As an Empath, I crave to first try to feel another’s pain or make sense of it. When I cannot, it bests me — defeats me. There is also this air about me to cure what ails another. I am no savior and this has been a hard pill to swallow for years, but I am not. Currently, I am trying to understand my place in all of this. Am I just the neighbor who lives two buildings down and one across who thinks this is a serious nuisance? Or am I a part of this community deserving of respect, love, kindness, consideration, and understanding?

The latter is what I choose. Shouldn’t he?

I could never leave Jernee on my balcony if she were in a barking fit or even if she began barking intermittently. My first thought would be to remove the noise so it doesn’t disturb my neighbors. My second thought would be to find out what’s wrong with the little one and try to resolve the issue. I realize everyone does not have the same thought process.


I won’t assume. I shouldn’t.

Everyone deserves the benefit of the doubt. Even when we think they’re unworthy or total assholes (I grit my teeth as I type this — some people can take you to a place of utter disgust). There is always something brewing and stewing in the lives of others to cause them to act outside of our descriptions of “normal behavior.” I won’t assume this man is uncaring of others. I shouldn’t. As I stated earlier, I don’t know his life or the makeup of it.

All I can do as a person living in the same apartment complex as him is to understand the why of it all. And later, know I am not the type of person to leave my dog out on my balcony to disturb the peace. I know who I am and I know how much I care about my pet.

In time, I hope this is enough for me to breathe in deeply and know the incessant barking never lasts long — it’s just annoying as hell.


Originally published in Age of Empathy via Medium.

Hell in a Handbasket, but There’s Still Time for Autumn

One of the last trees to still sport its autumn leaves. Photo Credit: Tremaine L. Loadholt

This nation, as I see it, is going to Hell in a handbasket. It will be carried by the same naysayers who believe the all-knowing and loving God is for their hypocritical ways and do not oppose their actions. The God you serve is not the God I serve. My God is more than likely weeping as he watches His children carry on like fools, senselessly taking the lives of others, running amok without fair cause, and denying human beings basic rights.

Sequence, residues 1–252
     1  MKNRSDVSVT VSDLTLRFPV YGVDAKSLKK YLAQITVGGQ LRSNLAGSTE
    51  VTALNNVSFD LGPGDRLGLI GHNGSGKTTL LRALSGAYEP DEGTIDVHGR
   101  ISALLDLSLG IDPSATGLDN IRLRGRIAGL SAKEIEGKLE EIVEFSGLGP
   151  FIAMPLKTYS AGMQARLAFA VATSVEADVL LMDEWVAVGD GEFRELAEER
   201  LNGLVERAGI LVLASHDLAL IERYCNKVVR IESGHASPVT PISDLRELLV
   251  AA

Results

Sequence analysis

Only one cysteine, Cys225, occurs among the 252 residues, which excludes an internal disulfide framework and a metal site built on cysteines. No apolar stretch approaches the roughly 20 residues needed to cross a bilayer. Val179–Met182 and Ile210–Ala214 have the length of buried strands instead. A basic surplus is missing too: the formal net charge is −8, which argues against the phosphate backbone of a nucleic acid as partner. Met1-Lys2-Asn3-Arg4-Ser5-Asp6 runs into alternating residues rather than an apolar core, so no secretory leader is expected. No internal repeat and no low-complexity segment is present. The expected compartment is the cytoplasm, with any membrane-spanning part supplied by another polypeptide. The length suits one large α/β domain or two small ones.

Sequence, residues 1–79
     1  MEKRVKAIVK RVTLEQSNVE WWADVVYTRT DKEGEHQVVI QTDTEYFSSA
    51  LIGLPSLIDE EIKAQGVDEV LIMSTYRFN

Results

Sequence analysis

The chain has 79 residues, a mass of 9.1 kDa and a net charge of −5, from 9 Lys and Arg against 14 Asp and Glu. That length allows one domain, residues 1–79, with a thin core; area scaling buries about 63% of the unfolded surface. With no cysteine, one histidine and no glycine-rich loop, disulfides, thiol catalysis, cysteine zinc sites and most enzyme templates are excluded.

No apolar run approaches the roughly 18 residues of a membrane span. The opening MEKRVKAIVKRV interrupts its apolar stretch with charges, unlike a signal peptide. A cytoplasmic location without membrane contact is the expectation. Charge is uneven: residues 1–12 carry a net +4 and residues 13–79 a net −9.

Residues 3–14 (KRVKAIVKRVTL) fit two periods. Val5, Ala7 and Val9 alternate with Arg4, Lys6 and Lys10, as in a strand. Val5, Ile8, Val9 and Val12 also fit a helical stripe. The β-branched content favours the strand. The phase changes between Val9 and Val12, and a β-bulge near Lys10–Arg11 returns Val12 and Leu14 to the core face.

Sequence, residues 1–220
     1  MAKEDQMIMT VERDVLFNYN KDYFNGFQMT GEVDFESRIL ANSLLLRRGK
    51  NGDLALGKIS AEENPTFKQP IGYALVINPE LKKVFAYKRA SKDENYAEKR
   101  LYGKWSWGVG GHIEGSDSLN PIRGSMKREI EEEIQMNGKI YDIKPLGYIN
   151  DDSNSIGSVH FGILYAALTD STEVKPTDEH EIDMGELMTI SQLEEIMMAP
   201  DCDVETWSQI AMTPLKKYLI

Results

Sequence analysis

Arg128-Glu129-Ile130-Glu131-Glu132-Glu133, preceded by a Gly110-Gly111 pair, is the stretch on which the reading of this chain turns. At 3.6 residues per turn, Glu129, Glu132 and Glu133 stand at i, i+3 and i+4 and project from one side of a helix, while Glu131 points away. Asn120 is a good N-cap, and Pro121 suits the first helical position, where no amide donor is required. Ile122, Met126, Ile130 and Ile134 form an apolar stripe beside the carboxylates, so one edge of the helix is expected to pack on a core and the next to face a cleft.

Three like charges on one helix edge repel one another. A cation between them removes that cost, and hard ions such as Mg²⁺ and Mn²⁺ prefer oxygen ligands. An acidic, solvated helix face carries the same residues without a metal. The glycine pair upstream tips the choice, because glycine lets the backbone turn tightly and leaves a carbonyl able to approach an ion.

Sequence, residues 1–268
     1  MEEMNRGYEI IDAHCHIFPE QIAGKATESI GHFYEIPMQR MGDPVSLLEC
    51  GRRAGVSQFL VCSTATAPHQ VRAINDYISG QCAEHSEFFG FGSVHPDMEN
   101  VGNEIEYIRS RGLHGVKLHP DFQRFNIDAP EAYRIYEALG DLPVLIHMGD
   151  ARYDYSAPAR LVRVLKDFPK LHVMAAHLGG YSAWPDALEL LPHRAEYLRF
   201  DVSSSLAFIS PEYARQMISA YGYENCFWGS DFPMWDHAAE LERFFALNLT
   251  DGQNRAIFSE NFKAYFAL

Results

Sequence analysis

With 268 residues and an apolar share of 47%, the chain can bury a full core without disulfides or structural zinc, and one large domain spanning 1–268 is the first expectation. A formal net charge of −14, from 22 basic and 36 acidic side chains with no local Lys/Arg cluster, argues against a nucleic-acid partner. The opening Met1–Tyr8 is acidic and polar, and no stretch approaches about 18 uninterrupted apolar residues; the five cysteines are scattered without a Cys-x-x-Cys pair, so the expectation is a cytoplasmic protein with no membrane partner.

You are playing a flute that holds no sound, yet you want me to listen. Where is your melody? How does it benefit me? When will it actually do something worthwhile?

We elected a president who, when it all falls down, has sided with a judicial system that purposes a select few. He has said out of his mouth, to respect the system, to acknowledge what has been done peacefully. For real? Like, for real . . . real? Acknowledge a system that has NEVER worked in anyone of color’s favor? Acknowledge a system and respect it that could not bring forth a verdict that actually makes sense?

It is 2021, yet we are reliving days of Antebellum. There is no escaping this. This is what they want. And to get to where they intend to seek refuge, they will continue to whittle us down like pieces of wood.

I’m so tired of people making excuses for America. America has ALWAYS been this way. She isn’t changing. Her ways are not so distant from the 1800s–they’re only slightly different.

I walked through my neighborhood today, still seething in anger from an unjust system. I tried to remain calm. I tried to look to Jernee for some semblance of peace. But I found it . . . in the last leaves of autumn.


**I don’t intend to argue or go back and forth with anyone about my thoughts, feelings, and opinions. I know what I’ve lived, witnessed, been forced to do, and experienced. Racism is still alive and well. I don’t need anyone to tell me what is and isn’t.

But–Had He Been A Man of Color . . .

this dated system
works for melanin-challenged
liars on the stand

there is no justice
for the black man or woman
there never will be

it’s easy when you
have what they are looking for
you get off scot-free


The American “criminal” justice system is an effing joke. How one can be absolved of all wrong-doing when it’s clearly present and lives have been lost because of it is a constant mind-blowing thing to me. But, really . . . I’m not shocked. Re: The Kyle Rittenhouse verdict.